"They simply can't comprehend how we as bishops are often blinded to sex abuse," said Cardinal Cupich, referring to parishioners, in a keynote speech to the Roman Catholic leaders gathered this week at the Vatican. "How gravely incompatible the commission, coverup and toleration of sexual abuse is to the very meaning and essence of the church," the Cardinal continued.
Friday, Chicago's Archbishop called for a new structure for investigating bishops who are themselves abusers or those who grossly mishandle abuse cases. Those men - the Cardinal believes - should lose their jobs.
Alan Krashesky: You could begin that process that could eventually lead to a bishop being dismissed?
Cardinal Cupich: Yes.
Alan Krashesky: That seems to be a very important move.
Cardinal Cupich: It's a big change.
The Cardinal's plan covers 12 points, including:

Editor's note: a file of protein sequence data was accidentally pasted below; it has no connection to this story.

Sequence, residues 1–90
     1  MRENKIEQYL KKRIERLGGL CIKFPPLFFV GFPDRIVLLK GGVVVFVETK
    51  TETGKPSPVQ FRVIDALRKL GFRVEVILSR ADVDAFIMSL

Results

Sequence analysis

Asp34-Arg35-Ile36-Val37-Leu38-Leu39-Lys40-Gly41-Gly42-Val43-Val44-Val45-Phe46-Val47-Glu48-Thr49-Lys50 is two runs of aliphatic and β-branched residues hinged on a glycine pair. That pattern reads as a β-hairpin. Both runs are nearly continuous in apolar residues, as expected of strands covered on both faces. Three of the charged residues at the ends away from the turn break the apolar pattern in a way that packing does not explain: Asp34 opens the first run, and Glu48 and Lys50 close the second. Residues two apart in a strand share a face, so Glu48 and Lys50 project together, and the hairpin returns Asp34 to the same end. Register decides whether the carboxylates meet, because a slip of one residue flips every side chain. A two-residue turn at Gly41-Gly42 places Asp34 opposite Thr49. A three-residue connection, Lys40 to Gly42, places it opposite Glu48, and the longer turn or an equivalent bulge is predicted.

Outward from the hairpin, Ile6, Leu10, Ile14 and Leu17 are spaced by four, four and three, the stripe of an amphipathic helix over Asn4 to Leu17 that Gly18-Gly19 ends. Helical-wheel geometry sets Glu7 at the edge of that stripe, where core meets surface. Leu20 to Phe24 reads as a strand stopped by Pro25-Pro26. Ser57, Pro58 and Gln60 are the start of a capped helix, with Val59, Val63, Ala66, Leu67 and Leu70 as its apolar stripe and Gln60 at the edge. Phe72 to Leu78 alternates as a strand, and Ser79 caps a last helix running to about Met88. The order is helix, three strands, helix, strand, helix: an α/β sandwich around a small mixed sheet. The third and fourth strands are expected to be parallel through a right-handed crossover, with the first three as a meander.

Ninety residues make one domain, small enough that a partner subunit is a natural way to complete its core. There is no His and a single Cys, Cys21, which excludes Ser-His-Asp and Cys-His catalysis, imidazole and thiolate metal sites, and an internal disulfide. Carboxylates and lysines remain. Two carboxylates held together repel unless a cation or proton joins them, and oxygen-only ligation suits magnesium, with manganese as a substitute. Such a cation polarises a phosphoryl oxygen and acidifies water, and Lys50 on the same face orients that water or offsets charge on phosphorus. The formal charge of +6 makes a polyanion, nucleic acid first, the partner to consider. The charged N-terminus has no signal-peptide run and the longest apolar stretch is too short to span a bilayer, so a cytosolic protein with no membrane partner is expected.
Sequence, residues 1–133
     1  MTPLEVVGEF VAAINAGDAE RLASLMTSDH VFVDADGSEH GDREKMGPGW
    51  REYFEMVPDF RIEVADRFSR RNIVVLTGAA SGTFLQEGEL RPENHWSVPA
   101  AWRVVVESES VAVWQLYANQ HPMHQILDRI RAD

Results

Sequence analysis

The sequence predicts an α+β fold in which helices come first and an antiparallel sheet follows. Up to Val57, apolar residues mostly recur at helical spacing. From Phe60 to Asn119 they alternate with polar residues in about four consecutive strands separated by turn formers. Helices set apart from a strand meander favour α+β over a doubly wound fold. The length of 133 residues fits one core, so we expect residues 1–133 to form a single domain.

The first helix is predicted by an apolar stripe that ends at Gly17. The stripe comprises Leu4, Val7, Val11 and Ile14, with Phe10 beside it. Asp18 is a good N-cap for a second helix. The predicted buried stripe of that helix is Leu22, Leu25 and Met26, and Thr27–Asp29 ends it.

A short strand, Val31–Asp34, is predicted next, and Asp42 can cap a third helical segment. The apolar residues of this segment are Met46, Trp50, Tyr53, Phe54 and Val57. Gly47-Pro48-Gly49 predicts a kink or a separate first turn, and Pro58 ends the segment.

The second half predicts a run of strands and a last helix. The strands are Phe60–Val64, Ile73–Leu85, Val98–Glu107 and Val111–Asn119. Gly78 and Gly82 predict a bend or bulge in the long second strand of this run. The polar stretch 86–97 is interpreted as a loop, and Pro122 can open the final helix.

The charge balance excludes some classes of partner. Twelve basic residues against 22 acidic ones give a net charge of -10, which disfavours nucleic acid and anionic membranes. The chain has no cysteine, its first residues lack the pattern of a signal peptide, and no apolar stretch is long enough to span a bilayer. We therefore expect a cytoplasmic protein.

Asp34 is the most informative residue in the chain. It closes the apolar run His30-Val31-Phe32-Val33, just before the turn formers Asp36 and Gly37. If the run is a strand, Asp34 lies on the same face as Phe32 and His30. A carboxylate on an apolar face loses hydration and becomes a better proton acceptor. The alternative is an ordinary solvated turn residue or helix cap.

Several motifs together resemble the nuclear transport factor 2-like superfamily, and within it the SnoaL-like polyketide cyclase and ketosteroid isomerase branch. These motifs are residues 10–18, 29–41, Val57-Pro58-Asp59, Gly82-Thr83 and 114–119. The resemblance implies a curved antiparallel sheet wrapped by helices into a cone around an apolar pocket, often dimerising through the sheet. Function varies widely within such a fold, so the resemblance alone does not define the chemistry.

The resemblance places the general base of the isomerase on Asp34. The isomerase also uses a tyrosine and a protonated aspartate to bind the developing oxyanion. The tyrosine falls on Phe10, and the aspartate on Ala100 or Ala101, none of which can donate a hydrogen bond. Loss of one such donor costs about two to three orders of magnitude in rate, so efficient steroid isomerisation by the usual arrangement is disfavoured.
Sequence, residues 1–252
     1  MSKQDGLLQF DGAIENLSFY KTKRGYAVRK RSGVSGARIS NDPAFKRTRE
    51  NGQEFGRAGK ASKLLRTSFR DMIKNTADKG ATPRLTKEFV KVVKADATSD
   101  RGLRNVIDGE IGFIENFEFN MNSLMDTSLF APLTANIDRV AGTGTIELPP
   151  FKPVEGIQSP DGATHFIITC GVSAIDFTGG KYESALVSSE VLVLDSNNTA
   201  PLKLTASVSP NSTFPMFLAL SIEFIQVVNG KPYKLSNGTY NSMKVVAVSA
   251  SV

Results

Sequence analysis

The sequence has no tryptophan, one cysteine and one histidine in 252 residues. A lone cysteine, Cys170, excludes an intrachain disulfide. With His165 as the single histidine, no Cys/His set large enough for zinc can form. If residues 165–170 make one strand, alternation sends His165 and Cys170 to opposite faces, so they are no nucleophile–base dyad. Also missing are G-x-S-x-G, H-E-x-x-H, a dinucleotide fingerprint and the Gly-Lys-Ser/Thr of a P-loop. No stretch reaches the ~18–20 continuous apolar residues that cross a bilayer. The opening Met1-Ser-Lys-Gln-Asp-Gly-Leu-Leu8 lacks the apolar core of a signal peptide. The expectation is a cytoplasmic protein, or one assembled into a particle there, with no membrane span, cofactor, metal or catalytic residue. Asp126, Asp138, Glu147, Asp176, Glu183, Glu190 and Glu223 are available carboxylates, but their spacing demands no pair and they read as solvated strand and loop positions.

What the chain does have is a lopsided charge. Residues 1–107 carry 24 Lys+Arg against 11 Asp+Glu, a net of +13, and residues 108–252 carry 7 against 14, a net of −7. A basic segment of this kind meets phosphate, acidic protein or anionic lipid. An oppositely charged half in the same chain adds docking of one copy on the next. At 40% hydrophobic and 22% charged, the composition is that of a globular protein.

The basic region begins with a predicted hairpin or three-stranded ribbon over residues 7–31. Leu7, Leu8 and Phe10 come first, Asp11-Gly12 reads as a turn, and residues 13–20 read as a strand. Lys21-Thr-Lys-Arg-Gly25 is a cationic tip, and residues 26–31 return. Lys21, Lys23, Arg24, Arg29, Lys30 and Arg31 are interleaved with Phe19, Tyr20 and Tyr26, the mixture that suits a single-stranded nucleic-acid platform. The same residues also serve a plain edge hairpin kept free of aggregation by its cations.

Treating abuse victims with respect
Involving laypeople to conduct investigations
Suspending Bishops immediately if necessary
Sending credible allegations to The Vatican
And finally, the Pope would make the decision to fire the Bishop.
Read Cardinal Blase Cupich's full speech here
Pope Francis listened intently to the Cardinal's proposal - as they sat side-by-side, seemingly giving his initial approval. Cardinal Cupich says the Pope gave him a "thumbs up" at the conclusion of his remarks.
American bishops as a group would need to choose this plan, but now that it's been heard here at the Vatican they would be able to consider it. In the same way, other bishops in countries around the globe now would be able to consider the proposal, tailoring this framework to their particular cultures.
There's recent precedent for this type of action. Theodore McCarrick, the former Cardinal, former Washington Archbishop and now, former priest... kicked-out of the priesthood over sexual abuse.
Cardinal Cupich's plan would also rely on the oversight of what are called metropolitan archbishops- the most influential senior bishop in a particular geographic area- empowering them to take charge of abuse investigations of other bishops. For example, since Cardinal Cupich is the metropolitan archbishop of Illinois, he would have oversight over bishop misconduct investigations in the state's five other dioceses.
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